I'm on a personal quest to learn how the rsync algorithm works. After some reading and thinking, I've come up with a situation where I think the algorithm fails. I'm trying to figure out how this is resolved in an actual implementation.

Consider this example, where A is the receiver and B is the sender.

A = abcde1234512345fghij
B = abcde12345fghij

As you can see, the only change is that 12345 has been removed.

Now, to make this example interesting, let's choose a block size of 5 bytes (chars). Hashing the values on the sender's side using the weak checksum gives the following values list.


abcde -> 495
12345 -> 255
fghij -> 520

values = [495, 255, 520]

Next we check to see if any hash values differ in A. If there's a matching block we can skip to the end of that block for the next check. If there's a non-matching block then we've found a difference. I'll step through this process.

  1. Hash the first block. Does this hash exist in the values list? abcde -> 495 (yes, so skip)
  2. Hash the second block. Does this hash exist in the values list? 12345 -> 255 (yes, so skip)
  3. Hash the third block. Does this hash exist in the values list? 12345 -> 255 (yes, so skip)
  4. Hash the fourth block. Does this hash exist in the values list? fghij -> 520 (yes, so skip)
  5. No more data, we're done.

Since every hash was found in the values list, we conclude that A and B are the same. Which, in my humble opinion, isn't true.

It seems to me this will happen whenever there is more than one block that share the same hash. I know I have skipped the step of calculating and checking the strong hash, but that won't make a difference since the second and third blocks are exactly the same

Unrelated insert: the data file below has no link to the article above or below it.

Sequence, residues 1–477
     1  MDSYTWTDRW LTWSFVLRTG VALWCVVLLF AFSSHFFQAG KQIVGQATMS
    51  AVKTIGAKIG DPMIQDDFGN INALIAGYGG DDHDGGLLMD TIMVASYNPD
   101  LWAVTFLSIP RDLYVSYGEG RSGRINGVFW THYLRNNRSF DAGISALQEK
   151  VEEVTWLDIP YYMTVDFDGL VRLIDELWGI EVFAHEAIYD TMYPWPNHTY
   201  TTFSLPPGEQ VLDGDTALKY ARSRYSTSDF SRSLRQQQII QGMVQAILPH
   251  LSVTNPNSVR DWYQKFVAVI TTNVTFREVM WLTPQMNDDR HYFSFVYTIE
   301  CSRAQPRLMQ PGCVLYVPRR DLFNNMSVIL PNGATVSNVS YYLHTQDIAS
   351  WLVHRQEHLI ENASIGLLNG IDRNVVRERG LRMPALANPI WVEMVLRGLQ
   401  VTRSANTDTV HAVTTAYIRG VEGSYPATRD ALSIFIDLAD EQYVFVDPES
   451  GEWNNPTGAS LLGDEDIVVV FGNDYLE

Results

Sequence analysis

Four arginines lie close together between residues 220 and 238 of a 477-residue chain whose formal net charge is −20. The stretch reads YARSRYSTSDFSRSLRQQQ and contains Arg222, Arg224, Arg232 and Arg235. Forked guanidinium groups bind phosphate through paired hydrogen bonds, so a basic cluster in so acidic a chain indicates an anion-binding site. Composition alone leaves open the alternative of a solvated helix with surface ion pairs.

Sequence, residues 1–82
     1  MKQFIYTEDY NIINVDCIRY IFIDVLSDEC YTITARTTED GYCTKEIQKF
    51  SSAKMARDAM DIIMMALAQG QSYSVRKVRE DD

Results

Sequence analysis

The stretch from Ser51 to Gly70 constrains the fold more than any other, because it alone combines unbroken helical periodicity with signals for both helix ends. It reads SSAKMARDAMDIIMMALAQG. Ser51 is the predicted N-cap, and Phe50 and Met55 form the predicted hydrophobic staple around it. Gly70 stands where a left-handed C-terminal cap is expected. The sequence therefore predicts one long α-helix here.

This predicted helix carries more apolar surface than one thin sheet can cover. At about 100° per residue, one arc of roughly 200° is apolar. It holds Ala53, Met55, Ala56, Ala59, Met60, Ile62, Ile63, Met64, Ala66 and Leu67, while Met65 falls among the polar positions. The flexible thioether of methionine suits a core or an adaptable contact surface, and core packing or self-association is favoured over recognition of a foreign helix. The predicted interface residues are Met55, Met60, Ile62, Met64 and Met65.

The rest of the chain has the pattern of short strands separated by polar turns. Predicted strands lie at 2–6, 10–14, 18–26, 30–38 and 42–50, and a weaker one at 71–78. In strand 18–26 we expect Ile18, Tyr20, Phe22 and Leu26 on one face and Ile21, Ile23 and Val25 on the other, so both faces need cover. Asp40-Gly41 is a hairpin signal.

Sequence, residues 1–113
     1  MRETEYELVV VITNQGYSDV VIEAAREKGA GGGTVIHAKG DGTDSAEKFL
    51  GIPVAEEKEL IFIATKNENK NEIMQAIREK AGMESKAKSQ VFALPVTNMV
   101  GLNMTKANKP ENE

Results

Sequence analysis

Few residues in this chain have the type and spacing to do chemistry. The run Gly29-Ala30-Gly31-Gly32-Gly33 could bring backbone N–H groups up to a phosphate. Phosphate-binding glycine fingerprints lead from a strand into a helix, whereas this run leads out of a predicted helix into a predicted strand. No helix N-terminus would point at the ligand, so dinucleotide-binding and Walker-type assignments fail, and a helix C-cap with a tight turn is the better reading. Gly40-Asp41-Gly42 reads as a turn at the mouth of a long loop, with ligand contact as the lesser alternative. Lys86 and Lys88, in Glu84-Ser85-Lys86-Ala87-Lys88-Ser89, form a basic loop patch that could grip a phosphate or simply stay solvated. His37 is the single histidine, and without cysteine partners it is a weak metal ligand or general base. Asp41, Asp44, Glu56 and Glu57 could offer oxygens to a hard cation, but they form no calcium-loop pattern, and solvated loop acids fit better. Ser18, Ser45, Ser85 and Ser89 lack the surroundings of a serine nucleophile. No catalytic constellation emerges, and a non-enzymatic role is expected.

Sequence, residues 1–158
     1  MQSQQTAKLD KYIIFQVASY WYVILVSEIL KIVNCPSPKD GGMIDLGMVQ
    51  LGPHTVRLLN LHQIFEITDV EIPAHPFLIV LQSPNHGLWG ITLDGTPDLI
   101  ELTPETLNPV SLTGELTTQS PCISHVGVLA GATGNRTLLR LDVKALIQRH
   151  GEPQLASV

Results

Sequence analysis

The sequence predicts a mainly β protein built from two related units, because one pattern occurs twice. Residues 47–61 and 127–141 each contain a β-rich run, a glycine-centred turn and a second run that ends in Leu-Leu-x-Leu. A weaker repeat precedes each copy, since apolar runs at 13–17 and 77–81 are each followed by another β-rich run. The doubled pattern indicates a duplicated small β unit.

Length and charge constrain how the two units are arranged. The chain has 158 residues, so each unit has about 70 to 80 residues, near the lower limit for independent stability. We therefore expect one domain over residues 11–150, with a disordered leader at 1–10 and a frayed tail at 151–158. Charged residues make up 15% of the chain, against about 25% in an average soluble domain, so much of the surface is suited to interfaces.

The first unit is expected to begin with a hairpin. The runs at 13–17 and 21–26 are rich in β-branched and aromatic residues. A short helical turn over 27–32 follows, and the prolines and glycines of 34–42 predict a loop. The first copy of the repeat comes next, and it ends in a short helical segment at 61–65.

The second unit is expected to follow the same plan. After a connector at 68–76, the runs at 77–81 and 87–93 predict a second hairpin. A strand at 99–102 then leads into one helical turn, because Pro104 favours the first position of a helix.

What am I missing?

  • The question could use more tags :) (say, algorithm?) – Seh Hui Leong Apr 1 '10 at 3:17

The rsync algorithm sends two checksums: one for each chunk, and a "rolling" checksum for the whole file. In your example, A will see a difference in the rolling checksum once it gets to the "doubled-up" block.

  • Sending a checksum for the whole file is a great idea. I don't understand how A will see the difference once it gets to the doubled up block. It seems to me like the difference can only be detected once the entire checksum for A is computed, at which point we don't know what the repeating block is. – Kai Apr 1 '10 at 3:33
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    @Kai: Oops, I was just trying to rephrase that comment to make it clearer, and I lost it. The summary: from what I understand, it's a rolling checksum, not hash; the checksum for one block depends on the checksum for the previous block. – Cascabel Apr 1 '10 at 3:50
  • Ohh!!! The weak hash is a rolling checksum over the entire file! But its value recorded at the end of each block. Now it makes sense. Thanks codeka and Jefromi, I wouldn't have understand without both of your explanations. – Kai Apr 1 '10 at 3:53

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